It turns out that stocks, bonds and related documents present scanners with a yellow witch's brew created by two innocent-seeming qualities:
- certificates tend to be thin
- certificates usually have a slight yellowish tint
Here is an illustration of three scans created within 90 seconds of each other on an HP477 Color LaserJet Pro scanner with the exact same settings. The scanner bulb has been used for fewer than 300 scans. At left is a 4-page George H. LaBarre catalog printed on very white paper. The image in the center is an untouched scan of a certificate just as it was saved by the scanner. The image on the right is the same certificate scanned with a piece of light gray posterboard placed between the certificate and the scanner cover.
By comparison to LaBarre's catalog, the yellow in the certificate in the center is quite obvious and unappealing. The same certificate on the right looks much more realistic.
The real problem is light from the scanner bulb penetrated the certificate, bounced off the scanner cover and penetrated the certificate again before light was recorded by the scanner. The slight natural ivory color reflected from the paper was combined with light that passed through the paper twice, making the scan look much worse than real life. The light gray posterboard used in the righthand example diminished reflectance from the scanner cover and removed almost all of the unattractive yellow except what was already in the paper.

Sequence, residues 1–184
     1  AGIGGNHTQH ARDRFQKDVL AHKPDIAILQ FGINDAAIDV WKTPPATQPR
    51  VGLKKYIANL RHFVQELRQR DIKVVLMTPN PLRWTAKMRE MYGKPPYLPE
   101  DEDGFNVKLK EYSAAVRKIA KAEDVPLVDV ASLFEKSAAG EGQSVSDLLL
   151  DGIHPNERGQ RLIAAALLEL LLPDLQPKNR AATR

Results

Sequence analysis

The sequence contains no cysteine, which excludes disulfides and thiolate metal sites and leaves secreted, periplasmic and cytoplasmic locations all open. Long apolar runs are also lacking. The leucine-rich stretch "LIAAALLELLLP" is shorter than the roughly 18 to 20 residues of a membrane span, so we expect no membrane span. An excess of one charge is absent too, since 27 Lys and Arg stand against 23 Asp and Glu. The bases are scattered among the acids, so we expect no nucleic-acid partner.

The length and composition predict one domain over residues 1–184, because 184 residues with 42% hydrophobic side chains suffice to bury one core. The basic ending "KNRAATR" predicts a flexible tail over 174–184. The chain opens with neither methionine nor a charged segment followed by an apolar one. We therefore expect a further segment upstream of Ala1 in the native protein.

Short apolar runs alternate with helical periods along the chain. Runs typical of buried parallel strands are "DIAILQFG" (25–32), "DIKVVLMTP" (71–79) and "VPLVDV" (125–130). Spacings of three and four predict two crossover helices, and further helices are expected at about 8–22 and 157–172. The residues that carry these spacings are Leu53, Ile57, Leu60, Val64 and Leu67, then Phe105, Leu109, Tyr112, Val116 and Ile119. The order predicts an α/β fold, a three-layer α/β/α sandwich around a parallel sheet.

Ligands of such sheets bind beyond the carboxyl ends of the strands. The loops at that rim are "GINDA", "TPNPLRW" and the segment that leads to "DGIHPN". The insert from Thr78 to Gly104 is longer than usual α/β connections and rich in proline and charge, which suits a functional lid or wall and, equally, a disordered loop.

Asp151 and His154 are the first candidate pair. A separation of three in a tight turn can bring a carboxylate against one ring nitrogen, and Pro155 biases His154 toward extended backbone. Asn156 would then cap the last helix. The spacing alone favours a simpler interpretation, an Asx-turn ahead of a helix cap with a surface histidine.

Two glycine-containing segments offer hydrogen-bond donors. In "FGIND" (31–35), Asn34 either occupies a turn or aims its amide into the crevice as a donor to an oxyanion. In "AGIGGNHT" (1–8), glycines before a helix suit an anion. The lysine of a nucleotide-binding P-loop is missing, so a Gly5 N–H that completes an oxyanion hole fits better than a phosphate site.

These examples and many others prove that:
- we will definitely encounter problems scanning thin certificates
- we can diminish some of those problems by limiting reflectance off scanner covers.
How thin is thin?
A certificate is thin enough to cause yellowing problems if we can easily see text on the back or from another document placed underneath. This is called show-through and is quite evident in the stock certificates shown above.
The Penn Central stock certificate below is sufficiently thick to avoid problems even though the paper has a slight ivory tint and there is text on the back. When compared to George's catalog, the barest hint of yellow is visible, but it is no more obvious in the scan than on the certificate itself.
The easiest remedy
Awareness is the first step in preventing yellow from appearing in scanned or photographed images of certificates. With that in mind:
- Use adequate light when photographing certificates.
- Place a piece of light gray, light blue or black posterboard between certificates and scanner covers when scanning. (See more hints in my section on show-through and yellowing.)
- Replace scanner bulbs (if possible) when scanners begin imparting their own colors or dark bands.
Awareness and attempts at prevention cannot keep all unwanted colors and problems out of images of certificates. Photo editing software, however, can correct many problems after the fact. To that end, I have prepared several tutorials focused strictly on modifying images of certificates. See links to all tutorials at Image manipulation.